Catherine

I am irish Australian. That allows me to feel special on St Patrick’s Day as I sip my green beer. It also means I can claim a sense of humour and a love of emerald fields but there is something about descending from the irish that came to Australia.

Their humour, ingenuity, faith would have surely been needed in the harsh Australian climate and in the pseudo- british culture. And its those ingredients, that persistence that I think made a massive contribution to modern Australia. Without the irish there would be no Ned Kelly, no Eureka, no Catholic Schools, no great pubs and dare I say it – a limited pool of ranga’s (Australian redheads). Apart from the notable and what has become part of our national mythology, every irish family in Australia has its own stories of triumph and tragedy.

I stumbled across my heritage a few years ago where the most extraordinary story of a man named William Russell had been pieced together. He was a wiry young lad of 17 when he stole silver plate and was sent to Australia for seven years hard labour. Its a story of drunkeness, commuted and lengthened sentences, of trying a hand at bush ranging, of ending up on Norfolk Island but escaping a life sentence for saving lives in a shipwreck, its one of skiving off and ending on the Victorian goldfields with a women who was already married but then bore him nine children. Its of his brother, George emigrating and of them both standing shoulder to shoulder at Eureka.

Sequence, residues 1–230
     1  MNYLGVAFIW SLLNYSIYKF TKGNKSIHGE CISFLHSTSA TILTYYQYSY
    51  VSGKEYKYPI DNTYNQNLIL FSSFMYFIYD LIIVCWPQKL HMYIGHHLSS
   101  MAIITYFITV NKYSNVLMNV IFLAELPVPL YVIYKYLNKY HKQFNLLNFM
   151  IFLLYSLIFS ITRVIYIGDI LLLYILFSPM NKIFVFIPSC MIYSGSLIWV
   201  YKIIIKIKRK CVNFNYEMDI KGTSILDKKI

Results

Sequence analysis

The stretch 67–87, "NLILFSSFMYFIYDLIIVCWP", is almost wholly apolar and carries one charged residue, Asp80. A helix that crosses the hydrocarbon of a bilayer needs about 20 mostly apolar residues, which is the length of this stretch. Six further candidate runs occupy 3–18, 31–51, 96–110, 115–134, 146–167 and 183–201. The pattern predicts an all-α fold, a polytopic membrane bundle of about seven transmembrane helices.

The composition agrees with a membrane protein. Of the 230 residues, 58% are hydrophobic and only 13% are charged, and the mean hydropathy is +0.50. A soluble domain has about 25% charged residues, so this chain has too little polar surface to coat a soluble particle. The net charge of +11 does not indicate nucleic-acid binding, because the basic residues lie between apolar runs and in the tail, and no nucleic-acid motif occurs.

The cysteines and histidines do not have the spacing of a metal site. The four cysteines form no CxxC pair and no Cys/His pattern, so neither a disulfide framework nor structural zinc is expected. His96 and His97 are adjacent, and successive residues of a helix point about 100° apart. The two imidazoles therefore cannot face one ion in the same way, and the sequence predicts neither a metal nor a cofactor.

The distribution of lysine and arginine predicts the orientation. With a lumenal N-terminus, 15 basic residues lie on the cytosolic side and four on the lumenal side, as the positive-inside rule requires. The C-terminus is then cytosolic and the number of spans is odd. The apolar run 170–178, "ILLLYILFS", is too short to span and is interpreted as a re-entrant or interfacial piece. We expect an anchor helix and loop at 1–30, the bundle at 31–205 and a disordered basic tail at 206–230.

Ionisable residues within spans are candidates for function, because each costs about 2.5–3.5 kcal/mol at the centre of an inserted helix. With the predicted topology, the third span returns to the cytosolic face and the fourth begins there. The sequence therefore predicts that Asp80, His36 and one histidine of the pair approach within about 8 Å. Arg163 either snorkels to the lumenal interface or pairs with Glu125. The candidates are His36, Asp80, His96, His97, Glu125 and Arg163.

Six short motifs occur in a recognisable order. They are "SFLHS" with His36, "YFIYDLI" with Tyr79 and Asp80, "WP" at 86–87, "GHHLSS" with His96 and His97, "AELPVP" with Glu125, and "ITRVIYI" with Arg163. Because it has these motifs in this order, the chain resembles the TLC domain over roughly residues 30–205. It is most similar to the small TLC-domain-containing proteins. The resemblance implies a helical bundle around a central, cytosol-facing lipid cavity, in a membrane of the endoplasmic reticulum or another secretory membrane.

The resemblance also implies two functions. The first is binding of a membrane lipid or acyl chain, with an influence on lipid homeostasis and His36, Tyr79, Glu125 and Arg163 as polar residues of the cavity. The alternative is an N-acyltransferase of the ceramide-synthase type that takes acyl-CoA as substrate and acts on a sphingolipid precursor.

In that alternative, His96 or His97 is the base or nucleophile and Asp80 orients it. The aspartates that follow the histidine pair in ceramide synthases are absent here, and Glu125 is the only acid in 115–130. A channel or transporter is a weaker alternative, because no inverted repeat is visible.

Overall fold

It is remarkable. Courageous, adventurous and all supported by the well documented British. As I read this story, it made me think of my brothers. Of their characters. A different century, another time, this could have easily have been their story. And the reason it could have, is not the red hair or the burly irishness that is still about them but because that irish humour, ingenuity, faith that everything will work out is still present within each of them.

William may be our families ‘Ned Kelly’ but he has made sure that a little bit of irish lives on in all of us. And Australia is all the better for that.

But perhaps one of the lesser known gifts of the Irish is nourishment. Not food, or culinary delights necessarily but the kind of nourishment that comes from sharing a simple meal with friends and family, talking about life, laughing about life, honouring those that can not be with us and celebrating the very gift of coming together. The food and the meal are important but the people are the key ingredient to nourishment – the kind of meal that feeds the soul.
That’s why I am delighted this St Patrick’s Day to bring a little bit of Ireland to Australia through Cooking Circles – where women will gather in my house for a meal and we will let the conversation take us where it needs to and leave this table, a little more connected.
Happy St Patrick’s Day!

 

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